Make sure every LLC Member has a copy
Once you finalize your Operating Agreement, make sure all the Members have a copy of the entire agreement.
We recommend keeping a copy of the Operating Agreement with your Limited Liability Company business records.
Operating Agreement FAQs
An Operating Agreement is required for an LLC to transact business in the state of Delaware. The Members can sign the Operating Agreement before, at the same time, or after you file the Certificate of Formation paperwork.
This requirement also applies to a Foreign Limited Liability Company registered in Delaware.
Plus: If you go to court, LLC Operating Agreements help prove that your Single-Member LLC is being run as a separate legal entity. This confirms the company’s limited liability status, and that is what protects your assets from personal liability.
This document will spell out ownership percentages (and details of deposits into capital accounts), profit distribution, and management structure and responsibilities (to the extent assigned).
Plus: If you go to court, an Operating Agreement helps prove that your Multi-member LLC is being run as a separate entity. A signed Operating Agreement helps protect the members’ personal assets.
Remember, all the LLC Members must sign the Operating Agreement.
Operating Agreements are “internal documents”. Meaning, the Members just need to keep a copy with their business records.
The Operating Agreement is a legally binding document upon the LLC Members because of the Members’ signatures. It doesn’t need a government stamp of approval.
However, in the future, if your company were involved in a lawsuit or an audit, a court or government agency might ask to see a copy of your Operating Agreement.
Additionally, you may also need to show this document to:
- financial institutions when you open business bank accounts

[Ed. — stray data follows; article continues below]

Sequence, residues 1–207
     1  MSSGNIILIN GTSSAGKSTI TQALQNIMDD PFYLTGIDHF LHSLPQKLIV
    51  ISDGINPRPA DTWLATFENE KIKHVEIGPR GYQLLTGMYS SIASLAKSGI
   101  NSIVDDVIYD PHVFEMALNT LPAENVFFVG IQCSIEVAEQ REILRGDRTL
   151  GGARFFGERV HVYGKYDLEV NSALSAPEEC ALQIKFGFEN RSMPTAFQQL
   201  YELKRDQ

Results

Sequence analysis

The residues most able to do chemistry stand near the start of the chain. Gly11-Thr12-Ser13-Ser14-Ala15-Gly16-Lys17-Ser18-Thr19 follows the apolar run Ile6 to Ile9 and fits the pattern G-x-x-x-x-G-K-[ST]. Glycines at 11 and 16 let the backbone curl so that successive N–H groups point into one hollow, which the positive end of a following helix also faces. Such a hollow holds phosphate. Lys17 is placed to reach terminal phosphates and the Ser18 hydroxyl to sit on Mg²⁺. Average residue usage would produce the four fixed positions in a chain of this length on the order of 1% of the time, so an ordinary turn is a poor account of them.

- financial institutions if you apply for a loan for the LLC
- a title company if your LLC is buying real estate
Once you (and the other LLC Members, if applicable) sign the Operating Agreement, then it becomes a legal document.
An Operating Agreement is a legal document. You don’t have to hire a lawyer to write one, though. Using a template helps make sure you cover everything you need to.
LLC University® offers free Operating Agreement templates that you can download and customize to write your own LLC Operating Agreement.
For example, at a minimum, you’d want your Delaware LLC name, your Registered Agent information, your business purpose, the names of the LLC Members, and information about initial capital contributions.
However, there is a lot more information that is important to document about your LLC.
It’s probably a lot easier to start with an existing template. We have a free Operating Agreement template you can download on this page.
An Operating Agreement is an internal document that governs how your LLC is run. It contains rules about how much of the company each Member of the LLC owns, and other details about management and taxes.
Said another way, the LLC is your legal entity. And the Operating Agreement is a written set of rules for how the LLC will operate.
You could have an LLC without an Operating Agreement (but you shouldn’t). But you can’t have an Operating Agreement without an LLC.
- Choose an LLC name and make sure it’s available
- Choose who will be your Delaware Registered Agent
- File the Delaware LLC Certificate of Formation
- Complete and sign an LLC Operating Agreement
- Get a Tax ID Number (EIN) from the Internal Revenue Service
- Research business license requirements
- Open a business bank account
IRS: Paying Yourself
Delaware LLC Act: Section 18-201 (Formation of LLC)
Delaware LLC Act: Subchapter 3 (Members)
Delaware LLC Act: Subchapter 4 (Managers)
Delaware Division of Corporations: How to Form a New Business Entity